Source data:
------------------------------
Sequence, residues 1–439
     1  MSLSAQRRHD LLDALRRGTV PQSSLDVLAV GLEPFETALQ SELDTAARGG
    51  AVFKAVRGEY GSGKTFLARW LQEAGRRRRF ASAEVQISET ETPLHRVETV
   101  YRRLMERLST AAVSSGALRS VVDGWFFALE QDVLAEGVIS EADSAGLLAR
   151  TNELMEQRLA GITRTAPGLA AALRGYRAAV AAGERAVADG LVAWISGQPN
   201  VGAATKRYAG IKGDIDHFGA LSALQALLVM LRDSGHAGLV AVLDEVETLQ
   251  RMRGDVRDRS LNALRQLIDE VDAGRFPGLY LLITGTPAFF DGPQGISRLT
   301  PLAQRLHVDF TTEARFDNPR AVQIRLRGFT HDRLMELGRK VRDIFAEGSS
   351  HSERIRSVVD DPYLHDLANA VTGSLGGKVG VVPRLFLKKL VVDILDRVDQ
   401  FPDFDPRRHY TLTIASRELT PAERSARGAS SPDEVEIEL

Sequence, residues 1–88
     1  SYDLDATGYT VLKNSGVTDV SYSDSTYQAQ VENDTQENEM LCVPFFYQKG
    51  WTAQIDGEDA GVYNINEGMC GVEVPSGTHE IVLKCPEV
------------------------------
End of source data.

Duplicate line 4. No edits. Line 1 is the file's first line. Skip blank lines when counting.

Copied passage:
   101  YRRLMERLST AAVSSGALRS VVDGWFFALE QDVLAEGVIS EADSAGLLAR